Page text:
Melissa Poe, Washington Sea Grant
Rosanna Alegado, Hawaii Sea Grant Center of Excellence in Integrated Knowledge Systems
Julie Barber, Swinomish Indian Tribal Community Fisheries Department
Ginny Eckert, Alaska Sea Grant
Courtney Greiner, Swinomish Indian Tribal Community Fisheries Department
Katy Hintzen, University of Hawaii Sea Grant College Program
Darren Lerner, University of Hawaii Sea Grant College Program
Washington Sea Grant, Hawaii Sea Grant and Alaska Sea Grant aim to catalyze a cross-Pacific regional collaborative hub integrating research, outreach and education to advance sustainable Indigenous Aquaculture practices and enhance seafood production in the broader Pacific region. Indigenous Aquaculture management practices–including cultural modifications to nearshore environments such as Native Hawaiian fishponds and Northwest coastal indigenous clam gardens–have the potential to strengthen community access to traditional and customary foods, increase local seafood production, and deepen collaborative engagement between Sea Grant and local tribal communities for aquaculture advancement, climate adaptation, and coastal restoration. Integral to the success of the project is developing a community of practice that involves diverse partnerships and stakeholders, comprised of Sea Grant staff, Northwest tribes, Native Hawaiian communities, universities, minority-serving colleges, and local non-profit organizations. Activities include: convening two cross-regional summits to learn about local and regional examples of traditional Indigenous Aquaculture systems; conducting a comprehensive assessment of cross-Pacific Indigenous Aquaculture; advancing existing restoration sites and collecting ecological baseline data on the effects of intertidal modifications on the nearshore ecosystem; and strategic planning for future Sea Grant engagements and investments in Indigenous Aquaculture. Additionally, the collaborative will support inclusive workforce and leadership development through fellowships and internships for students from historically underrepresented or underserved colleges.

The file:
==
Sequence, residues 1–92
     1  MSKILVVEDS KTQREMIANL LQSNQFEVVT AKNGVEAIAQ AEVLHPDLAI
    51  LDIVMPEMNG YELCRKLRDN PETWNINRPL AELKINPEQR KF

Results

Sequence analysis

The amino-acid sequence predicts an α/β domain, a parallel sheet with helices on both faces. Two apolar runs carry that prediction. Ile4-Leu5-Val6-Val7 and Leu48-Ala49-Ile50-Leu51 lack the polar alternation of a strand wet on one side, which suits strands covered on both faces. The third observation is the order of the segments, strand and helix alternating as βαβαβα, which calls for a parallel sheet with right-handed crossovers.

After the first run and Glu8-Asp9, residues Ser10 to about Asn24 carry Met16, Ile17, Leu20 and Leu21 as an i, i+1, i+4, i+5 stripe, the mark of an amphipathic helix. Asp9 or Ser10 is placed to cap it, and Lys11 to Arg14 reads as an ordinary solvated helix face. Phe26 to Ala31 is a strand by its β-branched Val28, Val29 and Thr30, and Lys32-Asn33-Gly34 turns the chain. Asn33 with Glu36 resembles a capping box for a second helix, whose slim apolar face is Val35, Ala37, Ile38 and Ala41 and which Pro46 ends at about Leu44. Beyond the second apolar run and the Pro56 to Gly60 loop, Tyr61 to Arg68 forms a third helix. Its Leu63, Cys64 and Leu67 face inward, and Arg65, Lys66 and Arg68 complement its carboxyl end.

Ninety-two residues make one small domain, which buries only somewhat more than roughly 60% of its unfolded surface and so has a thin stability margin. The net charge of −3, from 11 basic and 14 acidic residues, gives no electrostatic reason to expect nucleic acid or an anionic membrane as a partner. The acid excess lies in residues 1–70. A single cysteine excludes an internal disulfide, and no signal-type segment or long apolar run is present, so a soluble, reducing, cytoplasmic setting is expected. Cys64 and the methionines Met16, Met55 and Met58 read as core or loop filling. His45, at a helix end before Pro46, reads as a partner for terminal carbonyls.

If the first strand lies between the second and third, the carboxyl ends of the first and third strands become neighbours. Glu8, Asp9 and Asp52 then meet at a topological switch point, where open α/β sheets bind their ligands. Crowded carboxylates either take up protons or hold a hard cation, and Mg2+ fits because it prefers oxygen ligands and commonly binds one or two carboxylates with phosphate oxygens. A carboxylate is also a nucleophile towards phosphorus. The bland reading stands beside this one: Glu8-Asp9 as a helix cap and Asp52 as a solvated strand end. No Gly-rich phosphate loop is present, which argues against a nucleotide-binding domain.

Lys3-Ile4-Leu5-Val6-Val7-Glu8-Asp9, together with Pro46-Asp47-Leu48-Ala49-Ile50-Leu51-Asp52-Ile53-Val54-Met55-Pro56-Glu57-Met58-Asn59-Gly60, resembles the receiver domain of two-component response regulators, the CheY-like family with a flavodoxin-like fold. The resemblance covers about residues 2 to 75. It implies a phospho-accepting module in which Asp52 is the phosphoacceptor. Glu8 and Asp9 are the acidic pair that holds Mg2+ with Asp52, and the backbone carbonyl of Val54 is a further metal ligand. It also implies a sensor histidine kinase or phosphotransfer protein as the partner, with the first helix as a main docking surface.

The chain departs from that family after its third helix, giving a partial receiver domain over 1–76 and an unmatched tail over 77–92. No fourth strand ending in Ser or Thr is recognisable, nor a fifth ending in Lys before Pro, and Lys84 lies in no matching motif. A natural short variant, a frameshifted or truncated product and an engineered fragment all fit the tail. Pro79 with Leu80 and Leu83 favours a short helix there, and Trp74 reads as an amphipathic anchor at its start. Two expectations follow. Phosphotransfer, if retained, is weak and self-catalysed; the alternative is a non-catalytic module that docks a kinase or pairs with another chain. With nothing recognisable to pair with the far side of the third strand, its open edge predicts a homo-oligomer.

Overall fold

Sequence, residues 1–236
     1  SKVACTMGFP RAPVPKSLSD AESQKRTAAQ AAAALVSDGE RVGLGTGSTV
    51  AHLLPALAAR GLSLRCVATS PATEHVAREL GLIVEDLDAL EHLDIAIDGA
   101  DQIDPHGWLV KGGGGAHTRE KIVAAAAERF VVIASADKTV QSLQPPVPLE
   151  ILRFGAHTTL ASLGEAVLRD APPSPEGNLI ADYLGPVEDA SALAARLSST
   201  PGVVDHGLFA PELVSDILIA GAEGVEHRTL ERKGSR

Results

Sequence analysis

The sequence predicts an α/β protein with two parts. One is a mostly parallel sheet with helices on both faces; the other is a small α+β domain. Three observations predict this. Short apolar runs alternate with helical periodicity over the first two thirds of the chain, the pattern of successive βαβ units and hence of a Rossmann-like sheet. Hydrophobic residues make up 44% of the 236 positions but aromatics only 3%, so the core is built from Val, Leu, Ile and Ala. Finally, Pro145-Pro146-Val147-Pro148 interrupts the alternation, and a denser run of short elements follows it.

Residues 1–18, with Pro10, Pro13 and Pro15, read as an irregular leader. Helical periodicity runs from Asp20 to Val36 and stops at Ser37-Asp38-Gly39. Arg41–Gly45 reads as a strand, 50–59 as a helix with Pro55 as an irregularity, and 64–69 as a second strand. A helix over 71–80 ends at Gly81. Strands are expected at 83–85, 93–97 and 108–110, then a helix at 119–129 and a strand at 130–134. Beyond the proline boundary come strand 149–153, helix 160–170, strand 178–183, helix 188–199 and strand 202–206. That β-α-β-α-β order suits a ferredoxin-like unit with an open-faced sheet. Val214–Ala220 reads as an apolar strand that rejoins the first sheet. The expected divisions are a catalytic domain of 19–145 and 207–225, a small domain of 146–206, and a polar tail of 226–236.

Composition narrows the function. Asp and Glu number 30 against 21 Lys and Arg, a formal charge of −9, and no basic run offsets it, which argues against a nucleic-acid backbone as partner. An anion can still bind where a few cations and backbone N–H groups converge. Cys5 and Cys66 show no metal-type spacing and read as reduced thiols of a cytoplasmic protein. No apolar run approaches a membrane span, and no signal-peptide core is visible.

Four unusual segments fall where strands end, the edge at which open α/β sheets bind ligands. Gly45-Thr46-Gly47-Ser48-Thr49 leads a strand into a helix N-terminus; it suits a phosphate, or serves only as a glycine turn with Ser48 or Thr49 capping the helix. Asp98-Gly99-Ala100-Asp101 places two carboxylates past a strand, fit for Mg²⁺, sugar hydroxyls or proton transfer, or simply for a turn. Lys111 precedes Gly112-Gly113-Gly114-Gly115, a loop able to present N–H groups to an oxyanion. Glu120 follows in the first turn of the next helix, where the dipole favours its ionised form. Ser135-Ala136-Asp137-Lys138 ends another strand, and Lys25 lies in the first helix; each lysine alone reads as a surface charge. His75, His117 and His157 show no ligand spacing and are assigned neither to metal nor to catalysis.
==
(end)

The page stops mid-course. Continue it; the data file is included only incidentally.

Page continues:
Rising food insecurity, together with a growing global population and climate variability, highlights the need for innovative approaches to expand local food production and access to quality seafood in marine settings. Marine aquaculture is increasingly recognized as a primary solution to food insecurity and declining wild stocks. This project examines Indigenous Aquaculture systems–cultural modifications to nearshore environments engineered over millennia to intensify production of marine foods–as some of the most promising localized solutions to these challenges in the broader Pacific region.
An excerpt from WSG Director Russell Callender’s WSG Director’s Note on the February 2020 Indigenous Aquaculture Gathering in Hawaii:
“Over 125 guests — including representatives from 13 Pacific Northwest tribal nations; students and leaders from Northwest Indian College; and many more Indigenous stewards from across the globe — gathered at the Kākoʻo ʻŌiwi farm and He’eia fishpond on Oahu to learn about traditional Hawaiian aquaculture practices and technologies in February. The Hui Malama Loko l’a (meaning, “network that cares for fishponds”) gathering was a catalyzing event in a three-year NOAA grant led by Washington Sea Grant in coordination with Hawaii Sea Grant, Alaska Sea Grant and respective community partners. The grant aims to launch a cross-Pacific regional collaborative effort integrating research, outreach and education advancing sustainable Indigenous Aquaculture practices that enhance seafood production and strengthen community access to customary foods in the Pacific region. Just four days did that and more.”